We meet the mayor and get to know the staff at the mairie, which has lists and records of everything and everyone in the commune and is the go-to place for everything: getting planning permission; inviting international visitors who need visas; forming a club; contributing to the newsletter; picking up bin bags. Here you can’t be invisible and you are instantly accountable. Next, off to the bank to open an account – armed for the second meeting (the first meeting appeared to be relationship building) with proofs of address/ residence/birth/ proof of income. The application process is personal: “Madam has travelled a lot” and is all done with the utmost courtesy and friendliness despite the fact that our financial investment is minimal to tiny.
What a huge learning curve – fascinating, mentally tiring and baffling… but soooo interesting, frustrating – and sometimes bizarre. As an intercultural professional I am genuinely interested in the underlying, the abstract, the philosophy… how come everything is so different?….
What do I love about France so far?…the focus on people; the fact that you can be neither unaccountable nor invisible – the close relationship with the commune . our mayor sees to that – you are acknowledged (“weak ties”) everywhere you go, and after around 4 months we are starting to get more than a “bonjour”……petit a petit…… I love the fact that everything is discussed before anything is done – then it is done with absolutely no nonsense, and the person who has done whatever it is, is automatically accountable for their actions… and there is a kindness and a sensitivity both to the human condition and to beauty and art. Oh yes and although we are STILL finding the 2 hour lunch break annoying because for 30 years we have been programmed that that is when you pop out to get things…… I really appreciate that all working people have 2 hours a day where they mostly eat together, talk together and bond…….. And the space around us, and the lack of M6 motorway (or any) traffic.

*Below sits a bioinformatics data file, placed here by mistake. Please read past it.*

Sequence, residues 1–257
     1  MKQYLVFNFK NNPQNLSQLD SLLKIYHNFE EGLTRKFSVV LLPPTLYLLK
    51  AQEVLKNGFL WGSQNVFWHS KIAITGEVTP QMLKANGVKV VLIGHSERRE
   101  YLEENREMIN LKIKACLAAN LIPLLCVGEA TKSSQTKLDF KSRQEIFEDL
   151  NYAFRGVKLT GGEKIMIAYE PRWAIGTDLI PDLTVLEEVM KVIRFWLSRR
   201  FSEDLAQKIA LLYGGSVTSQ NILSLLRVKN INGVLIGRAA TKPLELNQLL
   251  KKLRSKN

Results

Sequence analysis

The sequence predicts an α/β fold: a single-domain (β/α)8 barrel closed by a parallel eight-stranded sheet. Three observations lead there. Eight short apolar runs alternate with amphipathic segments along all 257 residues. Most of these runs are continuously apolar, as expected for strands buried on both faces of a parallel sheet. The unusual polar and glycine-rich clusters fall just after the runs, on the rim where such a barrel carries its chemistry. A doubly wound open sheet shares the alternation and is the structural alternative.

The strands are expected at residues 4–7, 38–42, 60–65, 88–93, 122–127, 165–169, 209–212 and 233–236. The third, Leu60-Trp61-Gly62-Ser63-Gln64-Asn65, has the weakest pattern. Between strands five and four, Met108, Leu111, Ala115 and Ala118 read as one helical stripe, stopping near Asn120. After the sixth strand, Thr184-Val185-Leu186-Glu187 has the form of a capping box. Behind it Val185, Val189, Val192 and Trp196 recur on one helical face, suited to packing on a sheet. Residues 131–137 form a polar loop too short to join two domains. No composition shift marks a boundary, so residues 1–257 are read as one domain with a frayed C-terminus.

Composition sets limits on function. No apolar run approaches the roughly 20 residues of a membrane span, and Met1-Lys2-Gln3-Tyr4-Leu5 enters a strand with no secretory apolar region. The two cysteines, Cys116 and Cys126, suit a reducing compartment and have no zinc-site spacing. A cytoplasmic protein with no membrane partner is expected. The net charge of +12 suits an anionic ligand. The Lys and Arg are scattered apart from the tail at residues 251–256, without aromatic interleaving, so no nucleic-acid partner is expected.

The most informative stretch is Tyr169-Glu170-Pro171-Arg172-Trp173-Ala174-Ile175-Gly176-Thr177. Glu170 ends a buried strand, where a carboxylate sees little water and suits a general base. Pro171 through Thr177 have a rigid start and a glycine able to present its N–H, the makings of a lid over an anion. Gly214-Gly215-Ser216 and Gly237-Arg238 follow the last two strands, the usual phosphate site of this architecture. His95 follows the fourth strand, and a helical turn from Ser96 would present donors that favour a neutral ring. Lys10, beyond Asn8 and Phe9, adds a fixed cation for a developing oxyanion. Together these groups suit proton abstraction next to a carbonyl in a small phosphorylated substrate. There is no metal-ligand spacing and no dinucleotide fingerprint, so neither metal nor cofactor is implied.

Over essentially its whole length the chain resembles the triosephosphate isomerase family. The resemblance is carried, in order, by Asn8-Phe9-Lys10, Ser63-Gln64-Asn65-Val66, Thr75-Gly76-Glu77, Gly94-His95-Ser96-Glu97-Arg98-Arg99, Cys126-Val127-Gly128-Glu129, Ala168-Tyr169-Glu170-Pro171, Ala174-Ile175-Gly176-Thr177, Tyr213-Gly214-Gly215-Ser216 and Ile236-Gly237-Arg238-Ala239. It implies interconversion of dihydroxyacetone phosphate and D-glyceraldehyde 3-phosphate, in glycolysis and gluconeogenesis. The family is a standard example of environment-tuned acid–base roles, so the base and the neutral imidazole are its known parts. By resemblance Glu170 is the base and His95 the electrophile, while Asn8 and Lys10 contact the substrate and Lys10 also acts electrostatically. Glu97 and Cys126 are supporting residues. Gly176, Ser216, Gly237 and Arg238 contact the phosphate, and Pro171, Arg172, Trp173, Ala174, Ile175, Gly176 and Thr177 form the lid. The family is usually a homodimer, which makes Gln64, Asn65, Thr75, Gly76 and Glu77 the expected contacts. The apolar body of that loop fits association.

What I don’t like? Probably all of the above on a bad day!!!!
Until the next time,
About the Author – Daphne Laing is a language and intercultural training specialist now based in France with a long career in training and academia. During the 1990s she worked in Executive training at Regent Executive and Lydbury English Centre before joining Higher Education where she headed up the Centre for Language and Communication Training during the halcyon years of Internationalisation in UK. During that time she was involved in several EC funded projects to that end as well as partnership development activity in places as diverse as Sri Lanka, Kurdistan, Burma and China. Her practice is deeply rooted in observation and discovery and on encouraging personal reflection and growth. She is now working as an independent consultant and trainer and is setting up an inspirational residential centre for education and personal development events and courses in Pen Ar Bed (top/head/centre of the world in Breton) in Western France.